Day 9 – From LESCONIL to PONT L’ABBE (19 Km) – From the hotel, you will head back to the port of Lesconil, known for its crayfish and its sailing marina. You will reach the white sandy beach and continue along the coastal path that runs along several beaches and follows a few small roads to reach the Pointe de Kérafédé headland. There, you will head inland, going through the village of Loctudy to reach its port at the estuary entrance to the Pont L’Abbé River. Here you will visit St Tudy church, a magnificent 11th century building. You will walk along the banks of this estuary dotted with islands when the sea rushes in at high tide. Along the way, you will discover several manors and châteaux that bear witness to the prosperity of this area in centuries gone by. Finally, you will reach Pont l’Abbé along the towpath that leads into the heart of the town, close to the port and château. Taxi transfer at Quimper for the last night. Night and breakfast in a 3-star hotel

Day 10 –QUIMPER – The walk ends after breakfast.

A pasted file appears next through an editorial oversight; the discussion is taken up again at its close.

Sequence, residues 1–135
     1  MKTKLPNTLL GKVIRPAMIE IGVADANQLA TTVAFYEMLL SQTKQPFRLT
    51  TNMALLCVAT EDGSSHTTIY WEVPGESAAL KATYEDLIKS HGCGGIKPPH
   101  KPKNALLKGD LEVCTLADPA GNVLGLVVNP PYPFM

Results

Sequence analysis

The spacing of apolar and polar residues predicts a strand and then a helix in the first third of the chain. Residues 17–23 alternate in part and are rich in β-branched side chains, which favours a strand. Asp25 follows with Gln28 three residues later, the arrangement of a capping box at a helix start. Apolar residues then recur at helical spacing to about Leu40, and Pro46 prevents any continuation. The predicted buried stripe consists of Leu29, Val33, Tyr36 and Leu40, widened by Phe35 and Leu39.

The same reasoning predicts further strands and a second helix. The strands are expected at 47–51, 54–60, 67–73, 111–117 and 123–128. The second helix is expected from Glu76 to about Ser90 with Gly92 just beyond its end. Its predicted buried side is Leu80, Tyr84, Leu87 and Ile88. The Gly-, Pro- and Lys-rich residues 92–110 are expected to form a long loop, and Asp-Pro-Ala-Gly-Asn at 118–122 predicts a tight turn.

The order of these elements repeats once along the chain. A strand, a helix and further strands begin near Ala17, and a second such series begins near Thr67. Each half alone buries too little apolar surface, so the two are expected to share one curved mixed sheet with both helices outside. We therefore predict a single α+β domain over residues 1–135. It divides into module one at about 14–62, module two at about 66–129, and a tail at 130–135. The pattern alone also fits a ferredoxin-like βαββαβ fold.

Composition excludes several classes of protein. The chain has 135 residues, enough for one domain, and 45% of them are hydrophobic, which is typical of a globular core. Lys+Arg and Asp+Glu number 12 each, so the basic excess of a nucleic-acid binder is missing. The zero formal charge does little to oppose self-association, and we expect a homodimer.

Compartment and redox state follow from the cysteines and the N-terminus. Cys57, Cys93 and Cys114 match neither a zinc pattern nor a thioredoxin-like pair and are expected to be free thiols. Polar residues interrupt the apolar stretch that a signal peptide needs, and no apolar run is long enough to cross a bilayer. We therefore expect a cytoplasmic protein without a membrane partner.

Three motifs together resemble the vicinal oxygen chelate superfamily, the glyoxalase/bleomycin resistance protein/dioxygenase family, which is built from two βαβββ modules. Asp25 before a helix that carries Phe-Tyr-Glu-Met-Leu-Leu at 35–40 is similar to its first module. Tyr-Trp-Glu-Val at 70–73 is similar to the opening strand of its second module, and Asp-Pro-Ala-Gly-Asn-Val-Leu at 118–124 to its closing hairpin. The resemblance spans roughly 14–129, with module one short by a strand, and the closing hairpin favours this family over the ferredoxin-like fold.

Best Season

From April to middle of October but be careful this area is very crowded in summer time and we recommend you (if you can) to come outside this period. Nevertheless this area attracts a lot of tourists and you have to reserve earlier to get the best rooms.

What’s included?
  • 9 nights’ accommodation in selected 2 and 3-star hotels
  • 9 breakfasts – 7 dinners
  • Hotel to hotel luggage transfer along the trail.
  • Taxi transfers as above listed
  • A set of maps (1/25 000 scale) with the route marked on and detailed route notes describing the trail.
  • A daily itinerary together with information about facilities and places of interest along the trail.
  • Phone emergency assistance with English-speaking support( 24/24 7/7 days)